Arbitration Agreements Can Backfire on Employers
Published: March 2, 2015
It is no secret that arbitration agreements may greatly reduce the risks that many employers face in disputes with employees. For example, when used correctly, such agreements can curb exposure to class actions by forcing employees to arbitrate disputes on an individual basis instead of a class basis. See, e.g., Iskanian v. CLS Transportation Los Angeles, LLC, 59 Cal.4th 348 (2014).
However, when such an agreement either contains certain language or fails to include other language, it may result in a class action or a representative action being litigated in front of an arbitrator instead of a court. This can be problematic for many reasons, not the least of which is that an arbitrator’s hourly charges typically are paid by the employer – and those fees can add up quickly in a complicated matter involving numerous parties.
Thus, instead of decreasing the cost of defending a class action or a representative action, a poorly drafted arbitration agreement could result in greatly escalating such costs. A pair of recent decisions from the California Court of Appeal for the Fourth Appellate District (in San Diego) underscore the need for employers to use great care in drafting such agreements to avoid such outcomes.
In Securitas Security Services USA, Inc. v. Superior Court, Cal. Ct. App. Case No. D066873, an employee filed a lawsuit alleging meal-and-rest-breaks violations. The lawsuit was fashioned both as a class action and as a representative action under California’s Private Attorneys General Act of 2004 (“PAGA”) Cal. Labor Code §§ 2698 et seq. The employer, Securitas Security Services USA, Inc. (“Securitas”), asked the trial court to (1) compel the lead plaintiff to arbitrate her individual claims, (2) dismiss and/or sever and stay the lead plaintiff’s class claims, and (3) dismiss and/or stay the PAGA claim.
Nothing out of the ordinary so far. The case took an unusual turn, however, when the trial court granted the motion to compel arbitration. It was a surprising twist not because the trial court granted the motion but because of the way it did so. Specifically, because the arbitration agreement included an invalid waiver of PAGA claims, the trial court ordered the parties to arbitrate the plaintiff’s entire complaint – including her PAGA claims.
This put Securitas in the awkward position of having to ask the appellate court to reverse a decision that granted Securitas’ own motion. Ultimately, California’s Fourth Appellate District reversed the trial court but voided the entire arbitration agreement on the ground that the invalid PAGA waiver could not be severed from the agreement. (Potential problems with clauses that bar the severability of a PAGA waiver are discussed in one of our prior blog posts, The New PAGA-Waiver Trap Door.)
This outcome, which put the parties back at square one and appears to allow the class-action and PAGA claims to proceed in civil court, amounted to an expensive ride on the merry-go-round for Securitas. At the same time, the very language of the arbitration agreement seemingly deprived Securitas of any benefit that it had hoped to gain from that agreement.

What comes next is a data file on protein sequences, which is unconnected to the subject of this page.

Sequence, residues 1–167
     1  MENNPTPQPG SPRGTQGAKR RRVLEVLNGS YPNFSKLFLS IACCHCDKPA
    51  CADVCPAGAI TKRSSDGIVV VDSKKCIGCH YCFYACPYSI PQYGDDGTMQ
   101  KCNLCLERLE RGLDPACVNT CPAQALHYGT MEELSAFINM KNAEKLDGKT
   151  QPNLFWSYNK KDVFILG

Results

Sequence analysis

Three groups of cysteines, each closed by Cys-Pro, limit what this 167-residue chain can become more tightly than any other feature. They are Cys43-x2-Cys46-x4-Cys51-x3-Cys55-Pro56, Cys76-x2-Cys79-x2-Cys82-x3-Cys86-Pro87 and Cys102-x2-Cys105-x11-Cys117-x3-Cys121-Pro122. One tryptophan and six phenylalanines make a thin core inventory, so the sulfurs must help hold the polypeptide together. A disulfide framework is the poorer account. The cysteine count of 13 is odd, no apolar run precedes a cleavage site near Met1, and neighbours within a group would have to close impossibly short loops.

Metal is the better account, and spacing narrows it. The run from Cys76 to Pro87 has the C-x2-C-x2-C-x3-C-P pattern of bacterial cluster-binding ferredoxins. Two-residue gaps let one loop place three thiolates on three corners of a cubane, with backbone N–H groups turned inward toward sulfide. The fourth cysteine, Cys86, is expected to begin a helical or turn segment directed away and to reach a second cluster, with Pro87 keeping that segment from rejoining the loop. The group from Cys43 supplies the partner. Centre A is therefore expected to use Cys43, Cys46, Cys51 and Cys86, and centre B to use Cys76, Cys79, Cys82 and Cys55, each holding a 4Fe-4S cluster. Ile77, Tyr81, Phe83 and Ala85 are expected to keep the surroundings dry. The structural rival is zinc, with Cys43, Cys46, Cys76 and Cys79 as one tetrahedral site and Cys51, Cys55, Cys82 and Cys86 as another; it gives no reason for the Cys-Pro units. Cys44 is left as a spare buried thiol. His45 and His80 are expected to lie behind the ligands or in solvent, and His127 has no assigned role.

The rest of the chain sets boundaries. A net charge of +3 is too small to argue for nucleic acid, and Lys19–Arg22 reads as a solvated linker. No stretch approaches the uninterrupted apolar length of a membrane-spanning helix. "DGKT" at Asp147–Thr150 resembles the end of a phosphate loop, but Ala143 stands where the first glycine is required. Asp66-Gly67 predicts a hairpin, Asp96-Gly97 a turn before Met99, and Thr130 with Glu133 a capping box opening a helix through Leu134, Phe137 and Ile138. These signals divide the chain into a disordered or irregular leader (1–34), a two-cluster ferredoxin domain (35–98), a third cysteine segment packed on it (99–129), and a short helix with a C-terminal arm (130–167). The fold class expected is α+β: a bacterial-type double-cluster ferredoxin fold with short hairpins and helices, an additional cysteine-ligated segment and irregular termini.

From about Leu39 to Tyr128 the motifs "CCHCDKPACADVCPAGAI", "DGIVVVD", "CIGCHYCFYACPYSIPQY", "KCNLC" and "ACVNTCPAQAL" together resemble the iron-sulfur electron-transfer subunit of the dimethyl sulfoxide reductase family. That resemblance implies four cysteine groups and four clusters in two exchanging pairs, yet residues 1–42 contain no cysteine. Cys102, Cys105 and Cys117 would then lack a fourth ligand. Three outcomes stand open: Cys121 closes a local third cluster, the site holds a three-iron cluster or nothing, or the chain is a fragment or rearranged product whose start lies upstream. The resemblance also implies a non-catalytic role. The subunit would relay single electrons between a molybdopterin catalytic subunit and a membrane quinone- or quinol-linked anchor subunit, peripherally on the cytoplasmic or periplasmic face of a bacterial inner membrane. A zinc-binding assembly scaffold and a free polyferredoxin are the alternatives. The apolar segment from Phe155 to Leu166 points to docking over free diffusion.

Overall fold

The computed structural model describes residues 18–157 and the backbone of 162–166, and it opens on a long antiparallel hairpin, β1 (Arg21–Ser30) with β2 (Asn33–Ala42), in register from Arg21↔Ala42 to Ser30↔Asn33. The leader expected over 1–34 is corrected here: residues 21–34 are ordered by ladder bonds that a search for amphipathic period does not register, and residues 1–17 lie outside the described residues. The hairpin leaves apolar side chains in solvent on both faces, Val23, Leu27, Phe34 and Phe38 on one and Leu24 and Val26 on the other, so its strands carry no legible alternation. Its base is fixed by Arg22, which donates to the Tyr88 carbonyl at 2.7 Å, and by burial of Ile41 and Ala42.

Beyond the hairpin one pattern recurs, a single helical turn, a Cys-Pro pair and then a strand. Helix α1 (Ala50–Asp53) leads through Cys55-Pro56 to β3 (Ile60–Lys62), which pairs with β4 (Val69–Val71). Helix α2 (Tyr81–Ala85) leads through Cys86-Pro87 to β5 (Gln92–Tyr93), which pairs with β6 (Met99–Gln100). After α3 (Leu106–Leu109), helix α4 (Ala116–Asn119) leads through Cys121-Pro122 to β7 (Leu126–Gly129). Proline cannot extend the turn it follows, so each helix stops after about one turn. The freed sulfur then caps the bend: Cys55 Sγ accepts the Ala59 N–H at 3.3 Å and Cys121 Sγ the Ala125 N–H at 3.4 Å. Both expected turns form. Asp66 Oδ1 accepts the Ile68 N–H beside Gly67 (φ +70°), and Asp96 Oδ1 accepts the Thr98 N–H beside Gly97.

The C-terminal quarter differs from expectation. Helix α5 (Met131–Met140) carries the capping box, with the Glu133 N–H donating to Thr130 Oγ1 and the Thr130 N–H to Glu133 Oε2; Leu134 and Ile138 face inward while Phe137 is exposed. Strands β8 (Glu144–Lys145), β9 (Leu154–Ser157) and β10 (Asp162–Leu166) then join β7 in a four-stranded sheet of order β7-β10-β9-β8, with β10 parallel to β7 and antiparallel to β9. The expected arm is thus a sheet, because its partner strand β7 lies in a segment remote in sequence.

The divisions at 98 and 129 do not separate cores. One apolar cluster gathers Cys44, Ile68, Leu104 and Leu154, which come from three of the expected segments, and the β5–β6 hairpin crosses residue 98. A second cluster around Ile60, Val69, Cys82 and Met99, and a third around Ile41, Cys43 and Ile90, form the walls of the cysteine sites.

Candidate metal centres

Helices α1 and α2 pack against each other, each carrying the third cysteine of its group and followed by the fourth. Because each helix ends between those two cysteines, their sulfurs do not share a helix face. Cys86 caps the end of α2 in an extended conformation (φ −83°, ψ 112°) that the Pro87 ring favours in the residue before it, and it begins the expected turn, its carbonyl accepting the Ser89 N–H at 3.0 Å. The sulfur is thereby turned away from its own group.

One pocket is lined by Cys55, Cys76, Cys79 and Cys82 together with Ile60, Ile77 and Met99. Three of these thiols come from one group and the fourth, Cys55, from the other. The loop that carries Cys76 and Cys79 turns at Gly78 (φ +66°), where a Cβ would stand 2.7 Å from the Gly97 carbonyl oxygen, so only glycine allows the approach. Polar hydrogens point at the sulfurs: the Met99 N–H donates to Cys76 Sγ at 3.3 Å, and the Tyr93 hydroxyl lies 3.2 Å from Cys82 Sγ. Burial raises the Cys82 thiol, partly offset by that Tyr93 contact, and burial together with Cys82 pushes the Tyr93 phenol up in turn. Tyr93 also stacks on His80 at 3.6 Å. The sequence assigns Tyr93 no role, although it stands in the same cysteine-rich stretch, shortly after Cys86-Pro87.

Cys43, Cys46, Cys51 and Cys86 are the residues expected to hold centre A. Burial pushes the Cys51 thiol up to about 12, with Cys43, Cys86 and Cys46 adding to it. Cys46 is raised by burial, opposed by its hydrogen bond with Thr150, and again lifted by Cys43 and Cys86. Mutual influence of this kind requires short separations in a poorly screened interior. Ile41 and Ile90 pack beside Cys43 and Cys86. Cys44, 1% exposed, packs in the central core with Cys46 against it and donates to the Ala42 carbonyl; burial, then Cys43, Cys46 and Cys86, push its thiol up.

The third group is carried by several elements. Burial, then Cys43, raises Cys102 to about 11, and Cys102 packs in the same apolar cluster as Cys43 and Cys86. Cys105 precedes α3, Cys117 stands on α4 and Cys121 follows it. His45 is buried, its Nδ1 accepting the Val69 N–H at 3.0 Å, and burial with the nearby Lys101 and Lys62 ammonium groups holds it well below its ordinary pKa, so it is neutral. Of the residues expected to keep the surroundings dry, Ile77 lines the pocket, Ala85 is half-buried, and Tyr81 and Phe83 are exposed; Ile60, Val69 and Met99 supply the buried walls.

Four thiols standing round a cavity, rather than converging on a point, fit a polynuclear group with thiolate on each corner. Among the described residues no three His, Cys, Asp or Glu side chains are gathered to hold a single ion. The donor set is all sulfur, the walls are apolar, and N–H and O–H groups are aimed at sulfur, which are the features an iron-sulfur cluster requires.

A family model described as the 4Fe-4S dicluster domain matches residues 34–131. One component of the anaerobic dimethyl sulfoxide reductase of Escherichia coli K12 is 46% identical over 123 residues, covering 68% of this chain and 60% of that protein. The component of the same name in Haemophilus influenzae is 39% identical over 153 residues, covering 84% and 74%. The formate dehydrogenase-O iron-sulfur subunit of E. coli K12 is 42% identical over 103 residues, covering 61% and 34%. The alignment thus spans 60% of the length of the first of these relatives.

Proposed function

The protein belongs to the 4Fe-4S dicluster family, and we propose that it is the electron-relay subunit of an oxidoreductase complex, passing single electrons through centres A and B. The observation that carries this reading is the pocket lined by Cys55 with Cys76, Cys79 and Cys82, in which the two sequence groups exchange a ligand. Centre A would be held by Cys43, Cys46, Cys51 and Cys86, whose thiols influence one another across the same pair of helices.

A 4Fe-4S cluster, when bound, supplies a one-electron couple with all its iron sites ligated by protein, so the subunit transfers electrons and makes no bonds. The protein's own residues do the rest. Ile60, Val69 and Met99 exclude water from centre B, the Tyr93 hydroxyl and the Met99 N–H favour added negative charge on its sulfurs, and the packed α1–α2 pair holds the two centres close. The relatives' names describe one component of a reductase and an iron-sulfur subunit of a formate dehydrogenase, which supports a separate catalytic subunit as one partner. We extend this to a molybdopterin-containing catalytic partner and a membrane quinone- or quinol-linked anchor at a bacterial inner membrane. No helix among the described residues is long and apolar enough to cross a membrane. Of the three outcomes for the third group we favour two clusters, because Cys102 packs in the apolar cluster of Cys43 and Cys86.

A different employer, Universal Protection Service, L.P. (“Universal”), suffered a similar fate before the same panel of the Fourth Appellate District. See Universal Protection Service, L.P. v. Superior Court, Case No. D066919. An employee in that case alleged that Universal had engaged in overtime, meal-and-rest-period, and indemnification violations. However, the employee took the unusual step of seeking arbitration of her putative class claims under the employer’s arbitration agreement, instead of filing a civil action in court.
Although the Universal likely would have been eager to arbitrate the employee’s individual claims, it had no taste for class arbitration. Thus, Universal was forced to take the unusual step of filing an action in state court to thwart the arbitration of an employment dispute.
Universal argued that it was for the court, and not the arbitrator, to decide if class claims could be arbitrated (presumably because arbitrators are thought to be far more inclin
ed to find that claims are subject to arbitration). The trial court agreed with the employee and compelled arbitration, finding that it was for the arbitrator to determine “whether the class action claims are arbitrable.”
While initially successful in persuading the Court of Appeal to take the rare step of reviewing the lower court’s decision by way of a writ petition, Universal ultimately was unable to avoid the impact of the trial court’s ruling. The appellate court agreed with Universal that the arbitration agreement did not expressly delegate to the arbitrator the determination of whether the class claims were arbitrable. Nonetheless, the Fourth Appellate District found that the arbitration agreement explicitly referenced the American Arbitration Association rules, “which unambiguously state that the arbitrator is to decide whether the parties’ arbitration agreement permits class arbitration.”
In sum, there are advantages and disadvantages to both having or refraining from using certain language in arbitration agreements. In light of these two new decisions, employers who wish to enhance the likelihood of enforcing their arbitration agreements should consult legal counsel to determine if amendments to their arbitration agreements are advisable.